Again, already started to 相处 with someone (we'll call it 'get to know' or 'get along with'), continue doing that and it will bring about whatever clause two says.
Why 3 makes things weird. It forces you to resist thinking the 了 signals simply a 变化.
Translation of 3/4 ： Once/After you've spent a lot of time with him, I'm sure you'll like him.
ISSUE: this 持续 'have' 'pefect' aspect in english is so weak here as to be almost non-existent. Why? I don't know! I think in English the main idea here is the completion, the arrival at a new point, the change in the status, which is not what the 了 in the chinese signifies. Yes, the 'have' in english denotes perfect aspect, and the 了 in chinese appears to be a perfect aspect marker in this case, but that idea is not important in english.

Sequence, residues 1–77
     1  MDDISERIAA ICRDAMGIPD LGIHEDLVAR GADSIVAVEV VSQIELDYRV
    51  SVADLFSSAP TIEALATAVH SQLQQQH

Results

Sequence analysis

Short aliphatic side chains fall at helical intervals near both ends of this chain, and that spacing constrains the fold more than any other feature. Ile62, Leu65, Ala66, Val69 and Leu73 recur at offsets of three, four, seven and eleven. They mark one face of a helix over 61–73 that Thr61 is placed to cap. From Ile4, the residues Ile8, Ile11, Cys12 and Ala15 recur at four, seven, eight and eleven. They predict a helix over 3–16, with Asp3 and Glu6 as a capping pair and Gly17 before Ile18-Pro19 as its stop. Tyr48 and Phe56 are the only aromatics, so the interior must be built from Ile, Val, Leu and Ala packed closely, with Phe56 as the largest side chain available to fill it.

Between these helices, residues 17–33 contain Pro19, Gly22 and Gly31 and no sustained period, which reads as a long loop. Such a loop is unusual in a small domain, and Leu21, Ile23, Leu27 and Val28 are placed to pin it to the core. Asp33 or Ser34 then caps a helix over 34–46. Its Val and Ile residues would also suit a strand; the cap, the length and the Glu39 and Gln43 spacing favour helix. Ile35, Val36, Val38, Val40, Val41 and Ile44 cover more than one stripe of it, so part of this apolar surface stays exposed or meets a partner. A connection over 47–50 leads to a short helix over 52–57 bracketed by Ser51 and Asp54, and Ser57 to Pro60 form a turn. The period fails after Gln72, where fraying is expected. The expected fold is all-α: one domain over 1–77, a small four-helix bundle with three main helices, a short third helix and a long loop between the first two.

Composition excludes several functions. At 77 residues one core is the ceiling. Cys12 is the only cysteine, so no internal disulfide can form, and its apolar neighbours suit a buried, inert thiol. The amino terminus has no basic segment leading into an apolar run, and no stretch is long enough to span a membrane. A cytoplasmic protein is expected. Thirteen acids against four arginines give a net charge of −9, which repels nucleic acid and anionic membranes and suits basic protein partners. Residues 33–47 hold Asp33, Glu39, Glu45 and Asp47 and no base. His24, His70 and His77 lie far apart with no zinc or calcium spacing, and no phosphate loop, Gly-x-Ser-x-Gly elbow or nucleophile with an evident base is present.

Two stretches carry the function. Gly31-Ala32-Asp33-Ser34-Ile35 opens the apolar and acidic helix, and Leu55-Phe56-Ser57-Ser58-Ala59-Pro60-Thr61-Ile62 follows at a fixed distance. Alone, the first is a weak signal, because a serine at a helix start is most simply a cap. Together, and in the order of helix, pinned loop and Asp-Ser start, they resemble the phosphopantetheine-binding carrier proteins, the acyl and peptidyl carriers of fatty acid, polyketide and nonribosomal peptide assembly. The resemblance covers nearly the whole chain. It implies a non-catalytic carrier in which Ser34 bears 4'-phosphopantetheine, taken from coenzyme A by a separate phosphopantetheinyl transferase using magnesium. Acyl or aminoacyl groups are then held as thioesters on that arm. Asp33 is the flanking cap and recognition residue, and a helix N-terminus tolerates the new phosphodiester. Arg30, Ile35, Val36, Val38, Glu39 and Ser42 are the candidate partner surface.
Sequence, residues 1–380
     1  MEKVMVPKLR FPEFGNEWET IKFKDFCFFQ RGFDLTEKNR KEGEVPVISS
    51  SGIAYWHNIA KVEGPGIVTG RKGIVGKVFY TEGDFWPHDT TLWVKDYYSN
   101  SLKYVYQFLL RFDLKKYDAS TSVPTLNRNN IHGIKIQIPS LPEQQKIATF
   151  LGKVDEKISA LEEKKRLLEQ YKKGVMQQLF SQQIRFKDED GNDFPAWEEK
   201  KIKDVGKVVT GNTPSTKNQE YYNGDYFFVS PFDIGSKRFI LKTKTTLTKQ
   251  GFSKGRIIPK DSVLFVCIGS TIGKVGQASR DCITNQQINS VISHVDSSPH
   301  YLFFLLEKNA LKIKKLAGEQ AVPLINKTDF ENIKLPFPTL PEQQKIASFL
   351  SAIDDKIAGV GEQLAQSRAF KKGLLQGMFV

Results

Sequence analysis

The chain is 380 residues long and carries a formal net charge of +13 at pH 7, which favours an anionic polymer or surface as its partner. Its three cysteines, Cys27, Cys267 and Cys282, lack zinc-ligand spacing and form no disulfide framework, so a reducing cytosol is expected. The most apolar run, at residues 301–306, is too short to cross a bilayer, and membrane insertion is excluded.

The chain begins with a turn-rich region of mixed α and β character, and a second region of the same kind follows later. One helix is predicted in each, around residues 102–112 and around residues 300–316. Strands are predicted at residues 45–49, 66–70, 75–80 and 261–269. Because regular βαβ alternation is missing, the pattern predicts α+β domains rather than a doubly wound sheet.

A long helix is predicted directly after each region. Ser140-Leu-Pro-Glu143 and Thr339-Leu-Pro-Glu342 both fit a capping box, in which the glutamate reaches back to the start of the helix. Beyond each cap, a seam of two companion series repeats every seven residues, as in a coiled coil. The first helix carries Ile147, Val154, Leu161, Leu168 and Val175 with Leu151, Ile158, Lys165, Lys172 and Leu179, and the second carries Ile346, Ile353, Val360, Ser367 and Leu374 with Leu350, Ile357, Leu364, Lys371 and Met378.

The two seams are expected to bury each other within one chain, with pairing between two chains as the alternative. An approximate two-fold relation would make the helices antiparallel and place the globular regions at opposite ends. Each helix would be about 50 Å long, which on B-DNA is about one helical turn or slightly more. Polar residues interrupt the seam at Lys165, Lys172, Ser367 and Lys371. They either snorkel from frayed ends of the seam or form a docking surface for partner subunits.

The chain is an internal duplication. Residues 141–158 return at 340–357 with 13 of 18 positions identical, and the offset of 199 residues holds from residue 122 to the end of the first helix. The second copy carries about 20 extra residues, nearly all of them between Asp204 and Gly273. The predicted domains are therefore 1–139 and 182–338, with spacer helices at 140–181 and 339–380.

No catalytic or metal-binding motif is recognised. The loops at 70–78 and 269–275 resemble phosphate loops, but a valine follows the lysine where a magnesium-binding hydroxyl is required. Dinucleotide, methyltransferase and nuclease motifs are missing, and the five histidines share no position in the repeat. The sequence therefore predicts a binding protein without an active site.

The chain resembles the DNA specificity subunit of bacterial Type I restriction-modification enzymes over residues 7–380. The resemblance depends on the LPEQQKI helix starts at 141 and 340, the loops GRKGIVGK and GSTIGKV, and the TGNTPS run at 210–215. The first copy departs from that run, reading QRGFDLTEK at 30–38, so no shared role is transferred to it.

After you finish loading those boxes you can go play with your friends.
After you've finished loading those boxes you can go play with your friends.
Yes, the 2nd holds the perfect aspect, but does it matter? Sure, if you are hip to grammar and think about these things you can see what the perfect aspect means, why it exists, originated, etc, but in real use, the important thing this sentence and situation is the completion, not the aspect. I would imagine this is why english doesn't stress this difference in certain situations and why I felt impelled to write a 100,000 word post on it.